There is a significant difference between registering a trademark logo and protecting a patent for a technical process/application. Both have great value to the business, but as IP expert Trevor Baylis advises entrepreneurs with limited funds, protecting the brand is by the far the best option.

Not only is the process cheaper, but it is also significantly quicker. While the average time for patent approval is just under two years, brand registration is typically completed within 6 months.

Many companies trademark their company name or product name, but there is also great value in ensuring that company logos, product designs and similar are equally protected.

A number of businesses are not able to protect their business name because it simply describes what they do, or is generic in its nature and therefore unsuitable for registration. However it is possible to register a business logo (either with or without the company name) which is unique to your business or charity, and as such affords the appropriate protection.

"I used Trademark Eagle to register our new logo and trademark. Their advice at the time was very useful. We are now covered across the EU"

Sports Chaplaincy UK is a good example of a business whose name is descriptive but were able to protect their brand through trademark logo registration.

To hear intellectual property attorneys describe it, it seems so simple. Copyright covers creative works of expression fixed into a tangible medium of expression. Trademark covers business names, slogans and other items used to identify it in the marketplace. Patent covers ideas and inventions. Simple.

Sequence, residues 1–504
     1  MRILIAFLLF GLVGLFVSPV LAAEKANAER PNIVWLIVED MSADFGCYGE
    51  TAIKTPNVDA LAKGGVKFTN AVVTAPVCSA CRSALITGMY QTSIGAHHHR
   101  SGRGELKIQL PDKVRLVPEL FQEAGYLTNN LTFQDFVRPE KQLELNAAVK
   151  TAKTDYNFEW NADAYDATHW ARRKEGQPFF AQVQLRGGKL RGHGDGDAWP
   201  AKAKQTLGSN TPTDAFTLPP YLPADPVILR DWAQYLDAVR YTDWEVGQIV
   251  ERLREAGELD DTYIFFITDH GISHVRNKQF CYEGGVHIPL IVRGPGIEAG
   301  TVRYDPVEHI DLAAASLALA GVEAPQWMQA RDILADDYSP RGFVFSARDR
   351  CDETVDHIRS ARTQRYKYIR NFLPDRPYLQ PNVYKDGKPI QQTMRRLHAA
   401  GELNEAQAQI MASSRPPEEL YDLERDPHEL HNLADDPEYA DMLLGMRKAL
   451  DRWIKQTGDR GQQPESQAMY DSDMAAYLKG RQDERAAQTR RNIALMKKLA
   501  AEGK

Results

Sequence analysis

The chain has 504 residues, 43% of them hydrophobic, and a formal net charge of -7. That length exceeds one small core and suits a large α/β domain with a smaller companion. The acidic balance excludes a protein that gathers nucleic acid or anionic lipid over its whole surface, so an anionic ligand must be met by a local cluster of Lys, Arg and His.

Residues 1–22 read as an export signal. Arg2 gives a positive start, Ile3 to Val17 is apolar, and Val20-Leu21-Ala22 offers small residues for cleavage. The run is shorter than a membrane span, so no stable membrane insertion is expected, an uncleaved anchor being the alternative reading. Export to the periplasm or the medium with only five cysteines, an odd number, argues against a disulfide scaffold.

Logos are one of those spaces of intellectual property law where there is a great deal of overlap between two areas, in this case copyright and trademark, and businesses are known for using both to protect their logos from undesired use.

So where are the lines drawn? The answers aren’t very simple and requires looking deeper into what copyright and trademark protect and, even then, there aren’t very many clear answers to give, just a lot of gray area that has to be taken one case at a time.

When most people think of intellectual property and logos, they leap to trademark and for good reason. Trademark is about protecting things that identify a business in the marketplace and logos are among the most important means of identification. As such, logos are generally protected by trademark and enforceable as such.

In many ways, trademark is much more broad than copyright. Where copyright doesn’t expand to things such as names, colors, typefaces, designs, etc. trademark does or at least can. However, trademark is also much more limited than copyright in that, where copyright is designed to protect against almost all unlicensed copying that is outside of fair use, trademark only deals with use of the mark that causes confusion in that company’s marketplace.

For example, Ace Hardware certainly has a trademark on their name, but they can’t stop Ace Bandages from also using the name as they are in separate markets (unless you are very careless when doing home repair). Likewise, Delta Airline and Delta Faucets share a trademark without incident and Apple Computers and Apple Music also shared a mark without major conflict (beyond a scuffle in 1989), that is until Apple entered the music business with iTunes .

To hear intellectual property attorneys describe it, it seems so simple. Copyright covers creative works of expression fixed into a tangible medium of expression. Trademark covers business names, slogans and other items used to identify it in the marketplace. Patent covers ideas and inventions. Simple.

Logos are one of those spaces of intellectual property law where there is a great deal of overlap between two areas, in this case copyright and trademark, and businesses are known for using both to protect their logos from undesired use.